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- Mitral regurgitation, or leaking of the mitral heart valve, is usually studied and assessed with an ultrasound test called a two-dimensional (2D) echocardiogram. While this test has proved very useful, technological improvements have helped researchers develop ways to study the heart valves using imaging with three-dimensional (3D) capabilities. In addition, recently developed magnetic resonance imaging (MRI) techniques may be able to provide better information about the causes and severity of the leak. Researchers are interested in testing these new techniques to determine their usefulness for patients with mitral regurgitation.
- To evaluate newer methods of studying mitral regurgitation severity using real-time 3D echocardiography (RT3DE) and cardiac magnetic resonance imaging (CMRI).
- Individuals at least 21 years of age who have been diagnosed with more than mild mitral regurgitation.
- Participants will have two procedures as part of this study: an echocardiogram and an MRI scan.
- For the echocardiogram, participants will have an ultrasound scan with a special kind of probe. Participants may also receive an injection of a contrast agent to provide a better image of the heart on the scan. The scan will take approximately 1 hour to complete.
- For the MRI scan, participants will have a standard MRI with special pads placed on the chest to provide better imaging of the heart. The scan will usually take between 45 and 90 minutes to complete.
Echocardiography is currently the technique of choice to assess the etiology and severity of mitral regurgitation (MR). Multiple 2D and Doppler parameters are assessed in an integrated fashion and the proximal flow convergent zone of the mitral regurgitation jet is used to calculate effective regurgitant orifice area and regurgitant volume. These measurements have been shown to have important prognostic information. In the last two years, the development of transesophageal imaging with 3D capability has allowed a better visualization of mitral leaflet pathology. Color Doppler 3D studies have shown that 2D methods generally underestimate mitral regurgitant volume. Magnetic resonance techniques have recently been developed to quantitate flow and calculate regurgitant volumes.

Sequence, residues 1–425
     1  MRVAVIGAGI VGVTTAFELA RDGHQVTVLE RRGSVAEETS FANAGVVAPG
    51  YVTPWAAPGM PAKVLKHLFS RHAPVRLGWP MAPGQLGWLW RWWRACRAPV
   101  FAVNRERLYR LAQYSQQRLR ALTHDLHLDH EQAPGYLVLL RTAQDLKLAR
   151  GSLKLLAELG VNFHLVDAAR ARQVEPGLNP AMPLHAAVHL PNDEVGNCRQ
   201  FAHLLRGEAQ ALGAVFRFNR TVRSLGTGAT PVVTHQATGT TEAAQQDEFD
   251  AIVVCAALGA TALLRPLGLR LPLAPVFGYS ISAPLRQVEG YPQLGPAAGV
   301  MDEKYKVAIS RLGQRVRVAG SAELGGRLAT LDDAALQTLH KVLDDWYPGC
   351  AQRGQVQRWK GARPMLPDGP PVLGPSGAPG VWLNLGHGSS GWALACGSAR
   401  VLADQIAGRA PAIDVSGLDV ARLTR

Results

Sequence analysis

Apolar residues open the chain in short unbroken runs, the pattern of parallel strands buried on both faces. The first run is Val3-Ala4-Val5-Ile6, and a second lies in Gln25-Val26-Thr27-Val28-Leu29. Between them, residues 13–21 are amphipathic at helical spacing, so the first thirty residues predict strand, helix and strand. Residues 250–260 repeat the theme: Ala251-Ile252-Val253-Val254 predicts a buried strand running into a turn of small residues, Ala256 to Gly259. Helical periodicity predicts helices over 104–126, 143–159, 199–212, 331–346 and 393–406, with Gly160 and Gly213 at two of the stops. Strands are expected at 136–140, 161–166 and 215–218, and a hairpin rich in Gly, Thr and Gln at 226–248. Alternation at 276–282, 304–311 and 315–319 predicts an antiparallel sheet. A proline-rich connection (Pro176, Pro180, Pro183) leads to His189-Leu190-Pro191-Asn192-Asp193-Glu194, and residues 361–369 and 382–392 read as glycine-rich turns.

The purpose of this study is to evaluate newer methods of quantitating mitral regurgitation severity using real-time 3D echocardiography (RT3DE) and cardiac magnetic resonance imaging (CMR). Although RT3DE measurements have been shown to correlate well with CMR measures of LV volumes, using a 3D volumetric method to calculate mitral regurgitant volumes has not been well studied. In patients with more than mild mitral regurgitation, we will obtain transthoracic RT3DE measures of mitral regurgitant volume and compare them with traditional 2D measures of MR severity. We will also compare RT3DE and CMR measures of mitral regurgitant volume.
Time Perspective: Prospective
Mitral Valve Regurgitation
National Institutes of Health Clinical Center, 9000 Rockville Pike
National Institutes of Health Clinical Center (CC)
Published on BioPortfolio: 2014-08-27T03:16:08-0400
Prospective, observational, multi-center trial in which patients with mitral regurgitation sufficient to merit mitral valve repair will receive a surgical transvalvular, intra-annular Mitr...
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Backflow of blood from the LEFT VENTRICLE into the LEFT ATRIUM due to imperfect closure of the MITRAL VALVE. This can lead to mitral valve regurgitation.
Abnormal protrusion or billowing of one or both of the leaflets of MITRAL VALVE into the LEFT ATRIUM during SYSTOLE. This allows the backflow of blood into left atrium leading to MITRAL VALVE INSUFFICIENCY; SYSTOLIC MURMURS; or CARDIAC ARRHYTHMIA.
A type of heart valve surgery that involves the repair, replacement, or reconstruction of the annulus of the MITRAL VALVE. It includes shortening the circumference of the annulus to improve valve closing capacity and reinforcing the annulus as a step in more complex valve repairs.
Narrowing of the passage through the MITRAL VALVE due to FIBROSIS, and CALCINOSIS in the leaflets and chordal areas. This elevates the left atrial pressure which, in turn, raises pulmonary venous and capillary pressure leading to bouts of DYSPNEA and TACHYCARDIA during physical exertion. RHEUMATIC FEVER is its primary cause.
The downward displacement of the cuspal or pointed end of the trileaflet AORTIC VALVE causing misalignment of the cusps. Severe valve distortion can cause leakage and allow the backflow of blood from the ASCENDING AORTA back into the LEFT VENTRICLE, leading to aortic regurgitation.
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